Four days a week at the Clairmont Retirement Community, residents gather at about lunchtime for a visit with a Bow Wow Therapy Dog sent by The Dog Alliance. Howard Hettleman, a resident known by other community members as incredibly quiet and terse, will make the rounds to remind everyone—in complete sentences—which dog will be visiting that day. Even though residents are used to interacting with pets at the Clairmont, where independent living is strongly encouraged, the therapy visits provide a uniquely trusted and concentrated experience.
Therapy dogs like Charlie Brown, a rescue pup that has overcome his separation anxiety with his loving owner, Robert Tycast, must pass exams to show they’re nonreactive and can be trusted to stay calm when well-meaning strangers make them a little uncomfortable. Tycast is present to read Charlie’s stress level, but his presence also provides some valuable social therapy. His overall role is to enable Charlie and the residents to have a great experience together.
Jane Cocke Perdue and Margaret Lynn Verhoeff are two social-butterfly residents who make appearances often at the Bow Wow Therapy Dog visits, when their busy schedules allow. The two writers have built insightful understandings of the practice through their own experiences and watching others, even acting as stewards for more reserved residents.
“Some residents will never do anything,” says Tina Bertelle, life-enrichment director, “but they’ll vicariously pet the dog when they see Jane petting the dog.”
Perdue is an animal lover who has shared her home with dogs, cats, birds and even one monkey. She points out that pet therapy is a great memory aid, both for residents struggling with memory issues and those who simply have very different lives than they used to.
“For me,” Perdue says, “the one that reminds me most of the dog that I love the best is my favorite. And that’s probably true of everybody.”
For Verhoeff, who has lived in different retirement communities, the program is about appreciating the present. Participating gives her opportunities to meet other residents. She made one friend because she loved walking behind her dog, who moves like a “prima donna.”
Just being near a dog invites cheerful social connections. Tycast points out that even the residents who don’t want to pet Charlie do smile and wave, and he rolls the dog in his stroller into the rooms of residents who don’t often, or can’t, leave.
Because Bertelle believes so much in pet therapy, she always makes sure there’s something on the big TV in the recreation room, often a calming fish tank. She wants to be sure the room is welcoming, even when it’s empty.
“All of a sudden,” she says, “you’re not alone.”
3 1/2 year | Terrier mic | Service dog
Favorite duty: “She just loves to come along wherever my son goes, whether it’s shopping or going to get ices or a cookie or whatever. She just loves going wherever he goes.” – Tami Esson
Favorite place to go: “I would say her favorite thing would be to go to the dog auditorium and run around with all the dogs off leash.” – Tami Esson
Best dog friend: “[My mother-in-law] has a small female dog, and at first…Adell wanted nothing to do with her. The next day, I don’t know what happened, but they became besties.” – Tami Esson
Everyone loves Adell, but she is devoted to one boy only. Tami Esson’s 13-year-old son has such a hold on the dog’s heart that she sits stoic in his room for most of the day when he’s off at school. The two met when Esson was in search of solutions, hoping to reduce the effects of the boy’s avoidant/restrictive food intake disorder, or ARFID, and nine months after the introduction, his mother hesitates to say whether he even still has it.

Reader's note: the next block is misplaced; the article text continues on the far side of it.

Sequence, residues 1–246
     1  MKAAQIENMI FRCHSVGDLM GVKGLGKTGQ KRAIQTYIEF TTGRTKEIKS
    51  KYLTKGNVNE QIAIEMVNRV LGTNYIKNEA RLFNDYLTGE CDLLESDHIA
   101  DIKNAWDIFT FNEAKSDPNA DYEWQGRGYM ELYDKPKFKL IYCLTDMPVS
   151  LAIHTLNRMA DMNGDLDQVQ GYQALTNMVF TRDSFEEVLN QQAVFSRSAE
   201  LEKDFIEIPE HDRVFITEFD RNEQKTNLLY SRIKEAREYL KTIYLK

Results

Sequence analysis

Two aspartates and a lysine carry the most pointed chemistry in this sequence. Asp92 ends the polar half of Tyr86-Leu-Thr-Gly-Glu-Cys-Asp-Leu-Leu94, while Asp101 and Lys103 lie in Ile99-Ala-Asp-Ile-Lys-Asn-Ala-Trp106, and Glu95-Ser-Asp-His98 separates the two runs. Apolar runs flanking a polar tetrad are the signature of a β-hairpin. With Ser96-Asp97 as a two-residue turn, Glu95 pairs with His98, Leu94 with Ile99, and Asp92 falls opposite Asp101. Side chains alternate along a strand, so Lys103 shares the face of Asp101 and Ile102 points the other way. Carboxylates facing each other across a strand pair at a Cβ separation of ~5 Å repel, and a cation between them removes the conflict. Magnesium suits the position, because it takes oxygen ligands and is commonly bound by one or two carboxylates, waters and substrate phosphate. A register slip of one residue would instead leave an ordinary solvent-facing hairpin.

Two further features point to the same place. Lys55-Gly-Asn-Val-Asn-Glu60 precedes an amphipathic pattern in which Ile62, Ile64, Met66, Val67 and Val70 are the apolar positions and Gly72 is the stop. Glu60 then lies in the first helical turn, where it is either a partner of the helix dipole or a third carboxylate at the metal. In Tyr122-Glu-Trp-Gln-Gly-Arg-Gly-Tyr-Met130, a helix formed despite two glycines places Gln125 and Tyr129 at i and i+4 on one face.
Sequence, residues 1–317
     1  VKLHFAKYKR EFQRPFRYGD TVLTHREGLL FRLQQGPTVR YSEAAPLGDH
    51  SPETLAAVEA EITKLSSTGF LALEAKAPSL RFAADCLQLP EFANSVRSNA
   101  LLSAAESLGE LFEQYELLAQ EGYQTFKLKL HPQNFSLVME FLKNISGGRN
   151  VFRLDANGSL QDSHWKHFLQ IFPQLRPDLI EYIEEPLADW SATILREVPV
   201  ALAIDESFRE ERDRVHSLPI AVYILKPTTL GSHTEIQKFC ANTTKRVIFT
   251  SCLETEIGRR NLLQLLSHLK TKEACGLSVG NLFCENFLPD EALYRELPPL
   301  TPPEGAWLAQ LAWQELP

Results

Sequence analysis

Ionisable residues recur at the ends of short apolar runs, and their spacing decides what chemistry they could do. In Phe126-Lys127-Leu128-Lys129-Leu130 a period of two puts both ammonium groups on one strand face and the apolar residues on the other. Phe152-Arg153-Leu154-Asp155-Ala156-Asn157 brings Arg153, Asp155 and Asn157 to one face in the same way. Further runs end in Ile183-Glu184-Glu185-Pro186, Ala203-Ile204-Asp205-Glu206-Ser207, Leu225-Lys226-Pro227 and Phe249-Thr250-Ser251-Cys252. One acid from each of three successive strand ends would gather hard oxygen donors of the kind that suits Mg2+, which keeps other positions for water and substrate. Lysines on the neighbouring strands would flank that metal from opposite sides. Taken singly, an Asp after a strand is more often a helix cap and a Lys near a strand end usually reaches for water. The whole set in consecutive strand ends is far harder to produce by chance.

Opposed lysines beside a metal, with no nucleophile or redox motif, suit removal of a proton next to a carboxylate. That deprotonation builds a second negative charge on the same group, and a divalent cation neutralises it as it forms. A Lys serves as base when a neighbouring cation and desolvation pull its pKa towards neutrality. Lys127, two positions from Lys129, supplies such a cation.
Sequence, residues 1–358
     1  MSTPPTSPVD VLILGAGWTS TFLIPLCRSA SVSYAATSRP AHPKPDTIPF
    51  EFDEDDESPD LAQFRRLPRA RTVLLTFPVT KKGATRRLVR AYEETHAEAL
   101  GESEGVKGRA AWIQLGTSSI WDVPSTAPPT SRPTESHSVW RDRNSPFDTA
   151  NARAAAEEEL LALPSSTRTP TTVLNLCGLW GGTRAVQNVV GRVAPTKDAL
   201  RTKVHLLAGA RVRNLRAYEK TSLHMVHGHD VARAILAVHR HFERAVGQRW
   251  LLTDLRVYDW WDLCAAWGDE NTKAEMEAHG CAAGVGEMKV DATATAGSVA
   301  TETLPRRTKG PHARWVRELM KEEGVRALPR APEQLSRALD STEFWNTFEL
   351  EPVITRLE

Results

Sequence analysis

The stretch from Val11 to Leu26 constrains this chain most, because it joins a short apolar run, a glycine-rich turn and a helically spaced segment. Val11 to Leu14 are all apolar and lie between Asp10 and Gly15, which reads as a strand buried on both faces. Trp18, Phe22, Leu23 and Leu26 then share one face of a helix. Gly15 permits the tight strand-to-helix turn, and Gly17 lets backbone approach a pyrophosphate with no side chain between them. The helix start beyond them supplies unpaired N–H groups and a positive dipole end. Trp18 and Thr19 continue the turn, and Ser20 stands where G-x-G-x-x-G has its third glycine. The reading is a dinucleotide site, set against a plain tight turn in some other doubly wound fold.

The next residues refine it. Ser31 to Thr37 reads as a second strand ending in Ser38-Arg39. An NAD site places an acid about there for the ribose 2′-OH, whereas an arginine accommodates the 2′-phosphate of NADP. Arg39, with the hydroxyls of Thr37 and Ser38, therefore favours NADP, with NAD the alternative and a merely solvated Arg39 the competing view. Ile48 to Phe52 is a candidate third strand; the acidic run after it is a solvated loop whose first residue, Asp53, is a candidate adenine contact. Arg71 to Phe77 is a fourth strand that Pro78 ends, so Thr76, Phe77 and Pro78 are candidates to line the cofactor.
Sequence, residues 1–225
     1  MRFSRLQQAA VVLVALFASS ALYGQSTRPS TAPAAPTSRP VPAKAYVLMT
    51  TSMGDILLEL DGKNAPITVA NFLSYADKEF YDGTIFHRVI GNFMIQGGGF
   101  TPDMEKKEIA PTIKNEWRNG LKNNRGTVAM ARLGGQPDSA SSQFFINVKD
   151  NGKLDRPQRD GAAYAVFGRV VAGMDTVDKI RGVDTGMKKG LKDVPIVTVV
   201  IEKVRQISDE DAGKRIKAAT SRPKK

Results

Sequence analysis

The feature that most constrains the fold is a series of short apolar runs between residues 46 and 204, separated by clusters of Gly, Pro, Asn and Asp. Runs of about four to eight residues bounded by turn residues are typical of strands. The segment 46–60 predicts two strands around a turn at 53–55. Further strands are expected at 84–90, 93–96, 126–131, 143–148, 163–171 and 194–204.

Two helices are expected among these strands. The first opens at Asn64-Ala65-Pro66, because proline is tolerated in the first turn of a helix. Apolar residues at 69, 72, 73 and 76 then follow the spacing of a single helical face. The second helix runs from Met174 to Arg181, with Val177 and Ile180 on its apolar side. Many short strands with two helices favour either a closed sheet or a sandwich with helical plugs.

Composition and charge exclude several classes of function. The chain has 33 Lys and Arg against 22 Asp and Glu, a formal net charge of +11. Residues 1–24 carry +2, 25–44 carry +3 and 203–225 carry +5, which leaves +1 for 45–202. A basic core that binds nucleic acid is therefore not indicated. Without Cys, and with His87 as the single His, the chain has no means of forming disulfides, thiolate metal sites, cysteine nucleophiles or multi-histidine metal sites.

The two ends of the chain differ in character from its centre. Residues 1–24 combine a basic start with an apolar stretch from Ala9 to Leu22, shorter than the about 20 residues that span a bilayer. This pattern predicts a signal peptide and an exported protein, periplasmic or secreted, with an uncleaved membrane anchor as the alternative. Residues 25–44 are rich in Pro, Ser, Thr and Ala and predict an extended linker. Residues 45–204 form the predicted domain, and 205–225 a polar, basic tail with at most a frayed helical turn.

ARFID encompasses unspecified food issues caused by general anxiety and sensory-processing challenges that can lead to malnourishment. Esson’s friend suggested a service dog, but she couldn’t see herself getting one, and her child was terrified of dogs. As her son got sicker, Esson recognized a gut feeling and realized he was not in a position to decide to take a risk for himself. She started talking to The Dog Alliance, but her son was hospitalized a month or two later. It took a year and a half to find Adell, whose calm devotion has even warmed her human boy up to off-leash dog parks, a total departure from his previous life.
If not for her little paws clicking across the floor, it would be difficult to tell Adell apart from a stuffed animal. As Esson talks, she strokes Adell gently for so long, it seems like a reflex.
“There’s some days that I don’t even realize I have a dog,” Esson says.
It’s not easy for a middle schooler to assume full responsibility for a pet, let alone his own anxiety. But Esson was surprised Adell’s walks, meals and grooming were taken care of without her having to ask. The teen and Adell were trained together by The Dog Alliance once or twice a week for months, plus school visits. Since Adell is mostly off school duty for now, Esson takes her out for morning walks.
Adell’s specialty is managing the boy’s anxiety just by being present. In a stressful environment for him, a restaurant, for instance, Adell sits under the table and distracts him. Sitting on his belly when there’s more room, she’ll even provide a few pounds of deep compression. Mostly, she helps ease his feelings of anxiety.
MEALS ON WHEELS: PALS
Meals on Wheels Central Texas has been delivering meals to homebound clients since 1972 and expanded to offer home repairs, veteran services and more. Making sure no pet is left behind, the nonprofit organization’s Pets Assisting the Lives of Seniors program adds pet food to the menu. In addition to making deliveries, special PALS volunteers drive pets to free vet visits and to get grooming services, both provided by organization partners. Trap-neuter-release services are provided for community strays.
Home visits do more than provide food and convenience.
“The majority of our pet-owning clients live alone, so they really count on their dogs and cats for companionship, love and purpose,” says program manager Heather Allard.
The animal-loving volunteers offer some human relief from the social isolation of living alone, getting to know clients and their pets, trading stories and bonding about a common passion.
PALS always accepts donations, including all brands of pet food, gently used or extra supplies and even holiday gifts that will be wrapped and delivered this winter.